On many levels, the cinema of Gianfranco Rosi is comparable to photography: what happens before and what will happen after the shot counts only to a certain extent. This is especially striking in Notturno for example, but is true for most of his work: the frame seems able to contain within itself all the essential aspects of what we must know or should care to know. As if through a sustained and symphonic balancing act, the image is placed within a space that activates a constant dialogue between the filmmaker, the subject, and the spectator.
Thanks to this retrospective, which offers an unmissable opportunity to (re)discover less easily available films such as Boatman, Below Sea Level, El Sicario—Rosi’s early and fundamental works—we will also inevitably be led to question what documentary really represents on both formal and political grounds. What does cinema stand for? Looking through his complete filmography, which spans nearly three decades, it seems safe to assume that the distinction between documentary and fiction increasingly feels meaningless to Rosi; we sense, instead, an obsession for cinema that searches for the truth. Truth, not intended as a philosophical or ethical quest but as a moment, something to capture before it’s too late, before it has vanished. Something that can be as fleeting as Ali’s gaze in Notturno or as confrontational as the cry of the killer in El Sicario, or as reassuring as the woman making up her family’s bed on the island of Lampedusa in Fire at Sea.
A quintessential aspect of Rosi’s cinematic approach also lies in the idea of subtraction. Rosi does not appear to believe in a world filled with an enormous number of images and/or information. On the contrary, his films seem to be about being as minimally descriptive or direct as possible. If we were to draw a parallel to other forms of art, Rosi’s cinema is reminiscent of the work of Swiss sculptor Alberto Giacometti, who created the thinnest of human shapes in his sculptures, with the challenge of examining when that shape might actually be on the verge of falling apart, and would no longer exist as a shape, in order to allow the missing space around his figures to emerge and be filled by the imagination of those watching.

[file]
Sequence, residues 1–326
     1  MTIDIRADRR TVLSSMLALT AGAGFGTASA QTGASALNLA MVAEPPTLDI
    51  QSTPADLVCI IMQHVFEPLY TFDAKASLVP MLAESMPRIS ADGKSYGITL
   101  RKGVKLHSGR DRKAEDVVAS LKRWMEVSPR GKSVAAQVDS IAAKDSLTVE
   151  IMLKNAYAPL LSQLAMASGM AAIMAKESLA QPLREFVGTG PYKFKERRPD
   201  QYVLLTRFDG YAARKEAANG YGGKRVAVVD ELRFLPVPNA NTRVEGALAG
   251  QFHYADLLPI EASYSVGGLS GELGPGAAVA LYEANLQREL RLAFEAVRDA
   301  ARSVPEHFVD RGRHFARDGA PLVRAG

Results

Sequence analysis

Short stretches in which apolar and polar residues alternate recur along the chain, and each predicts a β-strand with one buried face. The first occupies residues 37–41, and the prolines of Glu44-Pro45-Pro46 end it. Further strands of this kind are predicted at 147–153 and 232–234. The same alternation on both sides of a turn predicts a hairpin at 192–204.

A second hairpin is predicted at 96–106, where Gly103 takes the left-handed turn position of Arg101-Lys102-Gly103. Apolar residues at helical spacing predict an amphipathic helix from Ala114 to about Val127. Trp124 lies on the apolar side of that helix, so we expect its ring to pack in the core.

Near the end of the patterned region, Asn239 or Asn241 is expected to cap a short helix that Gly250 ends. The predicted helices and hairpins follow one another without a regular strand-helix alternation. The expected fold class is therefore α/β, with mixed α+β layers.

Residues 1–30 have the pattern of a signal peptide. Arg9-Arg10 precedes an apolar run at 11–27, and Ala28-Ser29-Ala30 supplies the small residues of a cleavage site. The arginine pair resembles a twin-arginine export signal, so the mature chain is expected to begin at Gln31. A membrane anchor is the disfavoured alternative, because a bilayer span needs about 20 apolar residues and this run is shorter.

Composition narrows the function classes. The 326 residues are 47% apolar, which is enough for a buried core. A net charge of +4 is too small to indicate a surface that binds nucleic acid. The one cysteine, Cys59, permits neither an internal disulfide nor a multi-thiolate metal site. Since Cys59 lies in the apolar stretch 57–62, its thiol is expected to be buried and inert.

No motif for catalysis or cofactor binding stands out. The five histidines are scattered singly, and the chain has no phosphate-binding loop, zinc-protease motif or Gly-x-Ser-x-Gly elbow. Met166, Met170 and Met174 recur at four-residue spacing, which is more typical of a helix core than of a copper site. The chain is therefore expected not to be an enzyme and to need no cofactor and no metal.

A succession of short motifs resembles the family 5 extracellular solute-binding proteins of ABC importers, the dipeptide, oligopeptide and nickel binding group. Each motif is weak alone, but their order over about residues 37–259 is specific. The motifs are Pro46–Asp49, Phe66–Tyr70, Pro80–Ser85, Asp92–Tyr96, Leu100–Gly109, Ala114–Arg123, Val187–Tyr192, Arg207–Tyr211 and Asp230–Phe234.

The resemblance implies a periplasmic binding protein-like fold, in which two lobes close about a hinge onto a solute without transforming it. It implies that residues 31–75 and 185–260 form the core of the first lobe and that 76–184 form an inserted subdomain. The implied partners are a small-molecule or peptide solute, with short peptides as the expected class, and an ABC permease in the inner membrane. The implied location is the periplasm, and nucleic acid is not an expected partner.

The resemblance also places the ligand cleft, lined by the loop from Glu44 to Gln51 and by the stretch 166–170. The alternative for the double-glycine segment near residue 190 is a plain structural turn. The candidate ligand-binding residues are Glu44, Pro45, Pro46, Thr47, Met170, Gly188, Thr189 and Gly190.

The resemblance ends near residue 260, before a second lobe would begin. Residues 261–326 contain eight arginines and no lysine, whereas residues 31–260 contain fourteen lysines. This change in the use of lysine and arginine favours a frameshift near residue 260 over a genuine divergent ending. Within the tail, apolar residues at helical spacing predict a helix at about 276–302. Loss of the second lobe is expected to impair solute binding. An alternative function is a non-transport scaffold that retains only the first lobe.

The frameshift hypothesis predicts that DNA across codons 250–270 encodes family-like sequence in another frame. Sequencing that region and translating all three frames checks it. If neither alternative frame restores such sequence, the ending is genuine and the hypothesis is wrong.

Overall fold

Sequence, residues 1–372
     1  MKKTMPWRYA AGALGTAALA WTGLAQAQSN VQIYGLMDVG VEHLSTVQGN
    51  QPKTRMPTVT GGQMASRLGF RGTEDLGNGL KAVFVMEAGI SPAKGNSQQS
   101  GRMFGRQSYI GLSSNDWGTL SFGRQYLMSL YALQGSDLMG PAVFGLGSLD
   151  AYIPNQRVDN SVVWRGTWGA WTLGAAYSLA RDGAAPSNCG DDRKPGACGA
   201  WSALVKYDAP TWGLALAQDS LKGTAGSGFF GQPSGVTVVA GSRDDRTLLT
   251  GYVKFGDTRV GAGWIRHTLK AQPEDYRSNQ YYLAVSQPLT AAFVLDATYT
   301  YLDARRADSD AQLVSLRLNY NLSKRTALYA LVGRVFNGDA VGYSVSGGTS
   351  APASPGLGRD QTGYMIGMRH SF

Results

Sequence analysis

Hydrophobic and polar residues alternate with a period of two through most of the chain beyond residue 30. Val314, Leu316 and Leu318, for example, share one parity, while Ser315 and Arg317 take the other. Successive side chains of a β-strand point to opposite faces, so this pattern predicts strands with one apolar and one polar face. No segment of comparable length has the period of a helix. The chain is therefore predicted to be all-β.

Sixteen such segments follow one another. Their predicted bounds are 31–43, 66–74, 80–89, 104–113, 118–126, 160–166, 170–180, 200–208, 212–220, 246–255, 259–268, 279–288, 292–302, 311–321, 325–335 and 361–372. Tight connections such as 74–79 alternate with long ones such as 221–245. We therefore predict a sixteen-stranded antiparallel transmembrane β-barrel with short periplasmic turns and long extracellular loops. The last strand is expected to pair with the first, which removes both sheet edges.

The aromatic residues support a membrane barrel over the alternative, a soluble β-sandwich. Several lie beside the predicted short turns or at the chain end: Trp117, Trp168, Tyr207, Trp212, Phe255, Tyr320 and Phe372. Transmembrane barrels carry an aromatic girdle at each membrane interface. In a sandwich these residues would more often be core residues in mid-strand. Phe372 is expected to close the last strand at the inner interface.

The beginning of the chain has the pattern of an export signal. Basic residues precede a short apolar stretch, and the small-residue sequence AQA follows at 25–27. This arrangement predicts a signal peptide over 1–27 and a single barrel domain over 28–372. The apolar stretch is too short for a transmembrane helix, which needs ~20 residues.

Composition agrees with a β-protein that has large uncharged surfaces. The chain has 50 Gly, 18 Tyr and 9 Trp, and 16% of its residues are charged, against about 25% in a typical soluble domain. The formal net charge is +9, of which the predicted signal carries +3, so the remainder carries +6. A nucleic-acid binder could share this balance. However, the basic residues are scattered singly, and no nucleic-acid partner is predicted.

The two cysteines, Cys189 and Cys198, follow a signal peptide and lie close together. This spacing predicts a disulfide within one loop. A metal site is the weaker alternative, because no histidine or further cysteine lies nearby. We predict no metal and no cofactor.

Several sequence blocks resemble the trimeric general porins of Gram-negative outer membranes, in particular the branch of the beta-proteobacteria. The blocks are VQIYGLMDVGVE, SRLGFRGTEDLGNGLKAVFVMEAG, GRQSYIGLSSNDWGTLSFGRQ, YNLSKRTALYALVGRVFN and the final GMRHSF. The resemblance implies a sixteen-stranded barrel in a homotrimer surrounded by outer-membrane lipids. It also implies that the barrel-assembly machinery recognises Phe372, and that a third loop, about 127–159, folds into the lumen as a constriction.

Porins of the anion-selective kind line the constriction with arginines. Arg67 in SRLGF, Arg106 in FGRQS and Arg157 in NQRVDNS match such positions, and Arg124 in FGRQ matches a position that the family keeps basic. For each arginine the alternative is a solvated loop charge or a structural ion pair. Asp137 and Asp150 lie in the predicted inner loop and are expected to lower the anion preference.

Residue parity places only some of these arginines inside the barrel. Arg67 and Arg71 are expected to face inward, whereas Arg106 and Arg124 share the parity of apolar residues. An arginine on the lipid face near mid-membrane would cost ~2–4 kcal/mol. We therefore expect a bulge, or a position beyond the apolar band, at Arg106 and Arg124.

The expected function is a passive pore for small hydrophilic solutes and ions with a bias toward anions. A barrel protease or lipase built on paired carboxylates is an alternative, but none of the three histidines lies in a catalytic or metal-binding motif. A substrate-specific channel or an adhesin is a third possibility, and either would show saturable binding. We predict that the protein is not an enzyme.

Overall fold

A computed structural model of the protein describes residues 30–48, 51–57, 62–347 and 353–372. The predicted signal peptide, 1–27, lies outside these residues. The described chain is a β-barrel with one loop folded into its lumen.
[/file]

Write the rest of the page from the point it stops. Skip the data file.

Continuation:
In Rosi’s works, a lot of what we experience seems to rely on the close and intimate relationships established with his subjects, built through months and even years of living together while sharing, discussing, and understanding the issues at stake. Therefore, the stories featured in Gianfranco Rosi’s films are all grounded in very strong human relationships; then at some point, since his cinema never feels limited just to an observational dimension, these relationships somehow evolve into a stage where they can be molded into characters, and then eventually these characters become a tool through which we are not only confronting the specificity of these stories but also capturing a sense of universality that turns these stories into timeless archetypes. It’s precisely through this process that whether Rosi’s films take place in India, the U.S., Mexico, Italy, Kurdistan, Lebanon, or Iraq becomes irrelevant. Therefore, any desire for a precise geography becomes pointless and the presentation of factual information is not even part of his cinematic language.